A debut collection of stories—one of the best in recent memory—that finds psychological acuity within characters who are unreflective or even impenetrable.
Ryan (Writing/Sarah Lawrence) has plainly been honing his craft, because the 13 tales here are the work of a writer who knows exactly what he’s doing—and challenges the reader to figure out how he’s doing it. Not that the stories are difficult or experimental, but they often seem to begin at a point where nothing is clear—who the protagonist is, what the situation is, where the tale is headed—and then they unfold as consciousness might, not in a linear fashion but making revelations through association or omission; those revelations might be clearer to the reader than to the characters. In “The Canyon,” one of the last holdouts among Laurel Canyon ranchers of the late 1960s finds himself caught between a group of catatonic hippies (who may well be the Manson Family) and aggressive developers; the taciturn protagonist draws on what he learned in the war, that “[i]t’s too easy to cross certain lines.” “The Good Life” is a miniature marvel, one paragraph that lasts barely more than a page but is a fully formed story nonetheless—one of many here about characters failing to establish a connection. The narrator meets a former classmate and eventually realizes she's mistaken him for someone she knew better. “I no longer understood who she was talking to,” he says as it dawns on him that her "good life" is a drug dealer’s mirage. “At Night” illuminates the unsettling relationship between a potentially dangerous voyeur and the waitress he stalks: “In her unwitting world, he is God,” the disturbed man thinks. Two of the best and most ambitious stories, “The Bull Elk” and “Fidelity,” defy plot summary; as with most of these tales, relating what happens wouldn't really tell how they work.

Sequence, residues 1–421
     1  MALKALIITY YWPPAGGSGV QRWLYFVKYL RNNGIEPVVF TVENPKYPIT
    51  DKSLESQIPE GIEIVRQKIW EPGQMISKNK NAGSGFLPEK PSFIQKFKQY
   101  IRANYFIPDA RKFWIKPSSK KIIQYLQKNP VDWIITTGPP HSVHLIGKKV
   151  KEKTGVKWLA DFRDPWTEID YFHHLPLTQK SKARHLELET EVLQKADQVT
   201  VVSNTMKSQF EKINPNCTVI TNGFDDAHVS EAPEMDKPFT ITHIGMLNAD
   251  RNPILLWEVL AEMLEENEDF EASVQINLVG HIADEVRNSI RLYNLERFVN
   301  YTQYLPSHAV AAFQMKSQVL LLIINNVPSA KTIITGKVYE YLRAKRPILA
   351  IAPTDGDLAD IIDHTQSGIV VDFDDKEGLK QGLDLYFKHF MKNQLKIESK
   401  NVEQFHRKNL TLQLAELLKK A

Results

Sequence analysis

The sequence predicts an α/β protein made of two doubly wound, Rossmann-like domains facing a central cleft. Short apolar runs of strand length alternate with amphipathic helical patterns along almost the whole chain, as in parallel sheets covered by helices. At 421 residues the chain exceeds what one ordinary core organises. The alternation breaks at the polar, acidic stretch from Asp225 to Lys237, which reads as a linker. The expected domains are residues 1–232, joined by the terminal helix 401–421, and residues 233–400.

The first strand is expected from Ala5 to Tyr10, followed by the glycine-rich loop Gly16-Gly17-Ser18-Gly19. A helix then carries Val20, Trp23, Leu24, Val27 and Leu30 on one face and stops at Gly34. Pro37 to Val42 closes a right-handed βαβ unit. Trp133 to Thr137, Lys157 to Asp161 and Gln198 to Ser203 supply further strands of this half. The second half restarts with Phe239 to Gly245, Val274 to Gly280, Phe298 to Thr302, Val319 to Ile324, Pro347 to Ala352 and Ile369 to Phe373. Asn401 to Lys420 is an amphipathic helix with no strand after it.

As the title suggests, there are animals throughout these stories, with the human ones as inscrutable as any.